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NHS cyber-attack: hospital computer systems held to ransom across England

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Hospitals across England have been hit by a large-scale cyber-attack, the NHS has confirmed, which has locked staff out of their computers and forced many trusts to divert emergency patients.

The IT systems of NHS sites across the country appear to have been simultaneously hit, with a pop-up message demanding a ransom in exchange for access to the PCs. NHS England has declared a major incident. NHS Digital said it was aware of the problem and would release more details soon.

Details of patient records and appointment schedules, as well as internal phone lines and emails, have all been rendered inaccessible.

NHS Digital said: “A number of NHS organisations have reported to NHS Digital that they have been affected by a ransomware attack which is affecting a number of different organisations.

“The investigation is at an early stage but we believe the malware variant is Wanna Decryptor. At this stage we do not have any evidence that patient data has been accessed. We will continue to work with affected organisations to confirm this.

“NHS Digital is working closely with the National Cyber Security Centre, the Department of Health and NHS England to support affected organisations and to recommend appropriate mitigations.

“This attack was not specifically targeted at the NHS and is affecting organisations from across a range of sectors.

“Our focus is on supporting organisations to manage the incident swiftly and decisively, but we will continue to communicate with NHS colleagues and will share more information as it becomes available.”

According to reports, affected hospitals include those run by East and North Hertfordshire NHS trust, Barts Health in London, Essex Partnership university NHS trusts, the university hospitals of Morecambe Bay NHS foundation trust, Southport and Ormskirk hospital NHS trust and Blackpool teaching hospital NHS foundation trust.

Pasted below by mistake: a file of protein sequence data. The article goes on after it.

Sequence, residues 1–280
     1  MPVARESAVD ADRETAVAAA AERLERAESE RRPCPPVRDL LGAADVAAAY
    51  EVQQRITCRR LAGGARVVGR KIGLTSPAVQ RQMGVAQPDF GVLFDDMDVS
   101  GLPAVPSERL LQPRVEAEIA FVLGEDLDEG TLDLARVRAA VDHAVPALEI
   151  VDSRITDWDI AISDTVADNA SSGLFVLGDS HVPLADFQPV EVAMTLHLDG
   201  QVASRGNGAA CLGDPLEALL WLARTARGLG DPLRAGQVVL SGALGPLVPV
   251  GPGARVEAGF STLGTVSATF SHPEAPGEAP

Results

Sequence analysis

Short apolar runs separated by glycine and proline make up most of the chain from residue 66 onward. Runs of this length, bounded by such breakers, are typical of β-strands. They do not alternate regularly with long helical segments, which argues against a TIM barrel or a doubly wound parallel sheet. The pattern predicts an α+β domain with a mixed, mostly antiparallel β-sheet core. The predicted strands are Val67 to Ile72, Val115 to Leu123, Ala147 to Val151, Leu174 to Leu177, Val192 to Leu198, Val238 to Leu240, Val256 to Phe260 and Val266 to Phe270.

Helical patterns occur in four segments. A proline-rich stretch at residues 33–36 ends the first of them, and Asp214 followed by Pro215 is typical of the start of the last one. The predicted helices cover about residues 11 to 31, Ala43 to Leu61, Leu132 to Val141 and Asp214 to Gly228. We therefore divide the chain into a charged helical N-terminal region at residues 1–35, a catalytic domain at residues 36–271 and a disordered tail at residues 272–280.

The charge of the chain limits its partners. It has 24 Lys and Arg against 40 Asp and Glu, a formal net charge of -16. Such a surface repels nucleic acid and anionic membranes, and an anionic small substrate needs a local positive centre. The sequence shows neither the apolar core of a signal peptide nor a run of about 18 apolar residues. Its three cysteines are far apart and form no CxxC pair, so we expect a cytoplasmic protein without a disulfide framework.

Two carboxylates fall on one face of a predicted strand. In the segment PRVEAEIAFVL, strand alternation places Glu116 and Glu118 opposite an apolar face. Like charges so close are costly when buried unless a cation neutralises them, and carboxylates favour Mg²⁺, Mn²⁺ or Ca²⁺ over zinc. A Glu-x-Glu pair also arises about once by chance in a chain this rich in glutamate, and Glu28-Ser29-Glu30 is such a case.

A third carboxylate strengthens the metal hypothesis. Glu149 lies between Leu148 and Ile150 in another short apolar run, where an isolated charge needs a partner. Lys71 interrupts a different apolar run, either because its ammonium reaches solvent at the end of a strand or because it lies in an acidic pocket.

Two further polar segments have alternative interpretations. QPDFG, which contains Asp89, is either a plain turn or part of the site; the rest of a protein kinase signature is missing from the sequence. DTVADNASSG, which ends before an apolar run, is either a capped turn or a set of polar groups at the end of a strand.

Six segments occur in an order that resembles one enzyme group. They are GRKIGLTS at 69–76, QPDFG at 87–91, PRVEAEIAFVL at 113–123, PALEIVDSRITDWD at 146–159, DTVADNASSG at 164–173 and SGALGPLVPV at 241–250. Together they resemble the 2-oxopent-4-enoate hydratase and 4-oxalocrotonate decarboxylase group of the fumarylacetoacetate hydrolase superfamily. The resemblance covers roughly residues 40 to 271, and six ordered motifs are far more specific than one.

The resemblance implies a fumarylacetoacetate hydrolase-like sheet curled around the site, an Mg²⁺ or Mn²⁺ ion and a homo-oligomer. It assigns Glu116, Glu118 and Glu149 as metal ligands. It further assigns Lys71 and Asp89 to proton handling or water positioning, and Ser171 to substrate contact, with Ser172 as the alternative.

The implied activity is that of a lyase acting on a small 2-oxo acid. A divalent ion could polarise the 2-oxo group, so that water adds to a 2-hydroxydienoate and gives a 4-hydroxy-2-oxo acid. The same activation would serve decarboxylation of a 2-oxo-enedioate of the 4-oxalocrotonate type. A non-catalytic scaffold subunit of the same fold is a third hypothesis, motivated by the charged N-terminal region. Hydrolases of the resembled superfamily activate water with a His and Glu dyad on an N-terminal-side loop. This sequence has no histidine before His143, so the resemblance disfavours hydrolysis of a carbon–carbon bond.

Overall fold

More reports of affected hospitals are continuing to stream in, as well as claims that GP surgeries are coming down with the virus, which demands a payment of $300 to release files it claims have been encrypted. The NHS has been unable to give a full list of the sites affected.

British law enforcement believes the attack is criminal in nature, as opposed to be a cyber attack by a foreign power, and is being treated as serious but without national security implications.

The National Crime Agency, which is Britain’s version of the FBI, was taking the lead in dealing with the investigation into the attack. Investigators believe the attack is significant with many computers affected across the country.

A spokesman for the National Cyber Security Centre said: “We are aware of a cyber incident and are working with NHS digital and the NCA to investigate.”

In a message to a Guardian reporter, one NHS IT worker said: “At approximately 12.30pm we experienced a problem with our email servers crashing. Following this a lot of our clinical systems and patient systems were reported to have gone down.

“A bitcoin virus pop-up message had been introduced on to the network asking users to pay $300 to be able to access their PCs. You cannot get past this screen. This followed with an internal major incident being declared and advised all trust staff to shut down all PCs in the trust and await further instructions.

“This is affecting the east of England and number of other trusts. This is the largest outage of this nature I’ve seen in the six years I’ve been employed with the NHS.”

Another NHS worker, who works at an Essex hospital but asked to remain anonymous, said: “We got some ransomware that came through on the computers at about 2pm. We were told to shut down, take out network cables and unplug the phones. A message came up for just one of our team about the fact that all the files would be wiped in two hours unless we gave $300 in bitcoins.”

She confirmed that the image that appeared on her colleague’s screen was the same as one that has already been circulated on Twitter, which says: “Ooops, your files have been encrypted!

“Many of your documents, photos, videos, databases and other files are no longer accessible because they have been encrypted. Maybe you are busy looking for a way to recover your files, but do not waste your time. Nobody can recover your files without our decryption service.”

The screen tells users to send $300 worth of bitcoin to a bitcoin wallet address. It adds: “You only have three days to submit the payment. After that the price will be doubled. Also if you don’t pay in seven days, you won’t be able to recover your files forever.”

A Barts spokesman said it was experiencing “major IT disruption” and delays at all four of its hospitals, The Royal London, St Bartholomew’s, Whipps Cross and Newham. He said: “We have activated our major incident plan to make sure we can maintain the safety and welfare of patients.

“We are very sorry that we have to cancel routine appointments, and would ask members of the public to use other NHS services wherever possible. Ambulances are being diverted to neighbouring hospitals.”